A vital partnership for the 2030 Agenda
February 13, 2023
The UN has estimated that the world will need to spend between US$3 trillion and US$5 trillion annually to meet the Sustainable Development Goals (SDGs) by 2030, while the COVID-19 pandemic has already increased that estimate by an additional US$2 trillion annually.
In addition, the highly fragile global economic outlook, impacts of climate change and rising geopolitical tensions, have led to a major deterioration in international public finance, resulting in 51 developing economies being highly indebted, with the spectre of defaults looming on the horizon for over-indebted developing countries.
Considering this dark scenario of compounded crisis, the multilateral system is being called upon to become more fit-for-purpose to support global public goods and overcome global challenges.
It is therefore imperative that institutions such as the UN and International Financial Institutions (IFIs) need to bolster their partnership to provide coordinated, effective, and targeted support to developing countries’ widening needs for SDG financing.
Against this backdrop and in response to the Addis Ababa Action Agenda and UN Secretary-General’s Roadmap for Financing the 2030 Agenda for Sustainable Development, the UN System and IFIs have strived to work more closely together to promote sustainable and innovative financial systems at country level, and to catalyse more private finance.
In 2018, for example, UN Secretary-General António Guterres and former World Bank Group President Jim Yong Kim signed a Strategic Partnership Framework, which consolidated their joint commitment to cooperate in helping countries implement the 2030 Agenda for Sustainable Development.
UN agencies have developed financial and non-financial partnerships with IFIs with the aim to support governments to leverage financing, technical expertise, and advocacy from a wider range of sources. By joining forces, UN agencies and IFIs can use and complement their respective comparative advantages in support of national development priorities and maximize development impact on the ground.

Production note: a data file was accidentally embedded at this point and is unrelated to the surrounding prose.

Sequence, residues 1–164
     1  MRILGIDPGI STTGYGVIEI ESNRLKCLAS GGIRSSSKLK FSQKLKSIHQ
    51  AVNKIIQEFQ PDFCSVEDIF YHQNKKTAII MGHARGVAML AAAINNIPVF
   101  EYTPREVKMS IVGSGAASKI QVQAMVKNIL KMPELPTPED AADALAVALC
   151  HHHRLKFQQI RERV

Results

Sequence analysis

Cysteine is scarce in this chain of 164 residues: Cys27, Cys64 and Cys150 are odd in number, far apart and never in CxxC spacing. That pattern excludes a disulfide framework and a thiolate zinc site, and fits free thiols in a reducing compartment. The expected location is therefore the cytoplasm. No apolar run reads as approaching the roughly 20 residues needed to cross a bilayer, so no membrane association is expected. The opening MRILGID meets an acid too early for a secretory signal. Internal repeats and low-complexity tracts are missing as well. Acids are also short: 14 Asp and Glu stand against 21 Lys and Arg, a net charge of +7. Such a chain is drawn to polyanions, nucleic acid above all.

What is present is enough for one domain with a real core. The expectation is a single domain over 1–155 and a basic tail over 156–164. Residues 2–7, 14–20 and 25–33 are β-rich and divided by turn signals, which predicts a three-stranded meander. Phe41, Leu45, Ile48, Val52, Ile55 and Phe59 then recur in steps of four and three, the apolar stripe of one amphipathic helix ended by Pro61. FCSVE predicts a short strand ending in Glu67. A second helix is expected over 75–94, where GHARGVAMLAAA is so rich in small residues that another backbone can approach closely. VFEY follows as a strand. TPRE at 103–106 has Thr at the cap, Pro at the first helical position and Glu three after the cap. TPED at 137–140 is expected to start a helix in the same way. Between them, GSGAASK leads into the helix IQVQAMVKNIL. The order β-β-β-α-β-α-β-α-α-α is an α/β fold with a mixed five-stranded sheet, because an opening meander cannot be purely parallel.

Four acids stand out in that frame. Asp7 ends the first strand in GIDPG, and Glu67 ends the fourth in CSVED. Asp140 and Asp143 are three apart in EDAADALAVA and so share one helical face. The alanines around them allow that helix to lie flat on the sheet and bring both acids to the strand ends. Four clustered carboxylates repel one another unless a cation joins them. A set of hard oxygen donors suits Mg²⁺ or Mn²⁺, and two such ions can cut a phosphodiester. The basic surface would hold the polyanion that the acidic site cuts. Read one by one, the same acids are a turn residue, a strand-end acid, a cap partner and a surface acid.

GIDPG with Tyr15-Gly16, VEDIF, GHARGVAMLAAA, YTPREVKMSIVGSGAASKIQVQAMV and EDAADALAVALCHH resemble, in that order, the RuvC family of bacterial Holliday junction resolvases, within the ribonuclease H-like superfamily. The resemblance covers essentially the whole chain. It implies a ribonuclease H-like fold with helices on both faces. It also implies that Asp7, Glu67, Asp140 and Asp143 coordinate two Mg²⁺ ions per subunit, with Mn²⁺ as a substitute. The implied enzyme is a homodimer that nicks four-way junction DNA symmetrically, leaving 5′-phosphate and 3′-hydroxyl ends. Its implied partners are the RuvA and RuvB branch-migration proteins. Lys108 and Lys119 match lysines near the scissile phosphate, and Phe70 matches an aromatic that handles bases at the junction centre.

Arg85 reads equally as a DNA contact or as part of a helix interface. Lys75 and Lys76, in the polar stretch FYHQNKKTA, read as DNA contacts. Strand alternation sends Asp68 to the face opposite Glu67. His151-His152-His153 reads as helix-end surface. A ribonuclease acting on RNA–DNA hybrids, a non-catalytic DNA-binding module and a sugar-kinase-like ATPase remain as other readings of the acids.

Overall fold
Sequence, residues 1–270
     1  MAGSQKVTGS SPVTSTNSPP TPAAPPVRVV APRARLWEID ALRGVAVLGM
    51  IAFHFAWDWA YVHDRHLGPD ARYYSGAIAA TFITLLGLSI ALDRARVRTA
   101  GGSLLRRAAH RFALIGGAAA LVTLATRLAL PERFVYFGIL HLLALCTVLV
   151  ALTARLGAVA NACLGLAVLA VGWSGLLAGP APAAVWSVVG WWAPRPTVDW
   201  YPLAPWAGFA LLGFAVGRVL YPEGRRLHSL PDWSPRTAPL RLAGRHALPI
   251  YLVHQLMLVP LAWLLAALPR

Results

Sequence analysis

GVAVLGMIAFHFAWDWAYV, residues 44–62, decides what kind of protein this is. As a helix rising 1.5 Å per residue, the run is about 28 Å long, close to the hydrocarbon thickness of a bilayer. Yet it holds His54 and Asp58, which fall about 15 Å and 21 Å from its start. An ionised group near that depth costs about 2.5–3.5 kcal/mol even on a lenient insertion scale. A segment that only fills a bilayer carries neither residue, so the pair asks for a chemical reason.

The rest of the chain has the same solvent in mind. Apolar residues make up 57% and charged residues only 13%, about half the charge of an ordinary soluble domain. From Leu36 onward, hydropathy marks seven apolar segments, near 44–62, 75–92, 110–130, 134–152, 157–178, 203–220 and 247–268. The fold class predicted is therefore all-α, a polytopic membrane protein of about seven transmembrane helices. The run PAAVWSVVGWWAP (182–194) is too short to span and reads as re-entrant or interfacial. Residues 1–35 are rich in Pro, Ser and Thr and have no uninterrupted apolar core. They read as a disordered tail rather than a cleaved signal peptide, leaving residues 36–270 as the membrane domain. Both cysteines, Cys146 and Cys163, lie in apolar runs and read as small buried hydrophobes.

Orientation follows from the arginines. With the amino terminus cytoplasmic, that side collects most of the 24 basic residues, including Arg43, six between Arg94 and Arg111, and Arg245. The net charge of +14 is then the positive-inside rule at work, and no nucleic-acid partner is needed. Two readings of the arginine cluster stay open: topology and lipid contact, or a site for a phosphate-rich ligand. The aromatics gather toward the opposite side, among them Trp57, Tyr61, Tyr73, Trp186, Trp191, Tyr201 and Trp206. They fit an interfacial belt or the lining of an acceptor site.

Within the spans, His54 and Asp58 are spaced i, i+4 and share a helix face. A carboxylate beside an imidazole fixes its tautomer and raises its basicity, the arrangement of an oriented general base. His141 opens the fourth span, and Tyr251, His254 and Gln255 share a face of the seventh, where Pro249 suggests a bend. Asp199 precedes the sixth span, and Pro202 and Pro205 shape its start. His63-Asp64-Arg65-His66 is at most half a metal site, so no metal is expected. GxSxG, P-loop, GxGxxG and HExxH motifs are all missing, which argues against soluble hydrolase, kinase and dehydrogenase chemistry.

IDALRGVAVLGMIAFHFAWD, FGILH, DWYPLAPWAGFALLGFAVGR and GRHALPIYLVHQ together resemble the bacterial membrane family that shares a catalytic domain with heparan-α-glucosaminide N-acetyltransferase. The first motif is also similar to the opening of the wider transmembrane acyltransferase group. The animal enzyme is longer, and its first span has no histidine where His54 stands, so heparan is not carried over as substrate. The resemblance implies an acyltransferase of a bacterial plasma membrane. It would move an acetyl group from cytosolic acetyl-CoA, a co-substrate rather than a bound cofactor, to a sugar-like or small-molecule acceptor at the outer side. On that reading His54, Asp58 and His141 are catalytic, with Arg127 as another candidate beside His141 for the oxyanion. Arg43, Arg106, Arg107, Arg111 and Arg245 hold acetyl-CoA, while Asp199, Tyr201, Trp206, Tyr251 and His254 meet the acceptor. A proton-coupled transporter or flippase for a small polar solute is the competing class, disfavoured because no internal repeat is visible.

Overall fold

Last week, the Executive Board of the United Nations Development Programme (UNDP) held its first regular session of the year in New York. It was clear that Member States are keen to see greater engagement with IFIs to deliver on sustainable development results at scale. As we are gearing towards the SDG Summit, there is a reckoning that we cannot do business as usual. We need all hands on deck to make progress towards 2030.
This call for joint action should also be an opportunity for Member States – usually the same donors funding the UN system and IFIs – to reflect on the global funding architecture of the United Nations Development System (UNDS). The UNDS needs predictable, un-earmarked, and flexible resources to perform its core functions and preserve the core values of multilateralism, universalism, and development effectiveness.
Nevertheless, a report by the Dag Hammarskjöld Foundation points out that OECD-DAC countries’ funding to the UNDS is more projectized and highly earmarked than the World Bank and the International Monetary Fund, or regional development banks.
In this moment of immense global uncertainty, following the UNDP Strategic Plan, UNDP is scaling up its engagement with IFIs to support countries access the capital, technical expertise, and partnerships required to achieve the SDGs.
Since 2017, UNDP has mobilized over US$1.85 billion from IFI partners, both directly through grant contributions and indirectly through government financing to support loan implementation.
In many fragile and conflict-affected states, UN agencies, such as UNDP, stay and deliver, sometimes on behalf of IFIs who cannot always fully operate in these settings. UNDP works in close cooperation with the humanitarian system and across the development, peace, and human rights pillars of the UN system.
Flexible and predictable funding allows UN agencies to respond promptly and with agility in times of crisis. In countries such as Afghanistan, Yemen, and Ukraine, UNDP implements projects and programmes that help protect livelihoods and enhance the resilience of vulnerable communities.
Member States and shareholders of Multilateral Development Banks and other IFIs recognize the synergistic and complementary mandates of many UN agencies and IFIs. The partnership is or should be obvious in areas such as sustainable finance, climate action, crisis and fragility, and poverty alleviation.
But as the world is faced with unprecedented global challenges that require unparalleled levels of partnerships and a strong multilateral system, Member States should enable a deeper engagement between the UNDS and IFIs through robust political commitment backed by a funding architecture befitting a world racing towards 2030.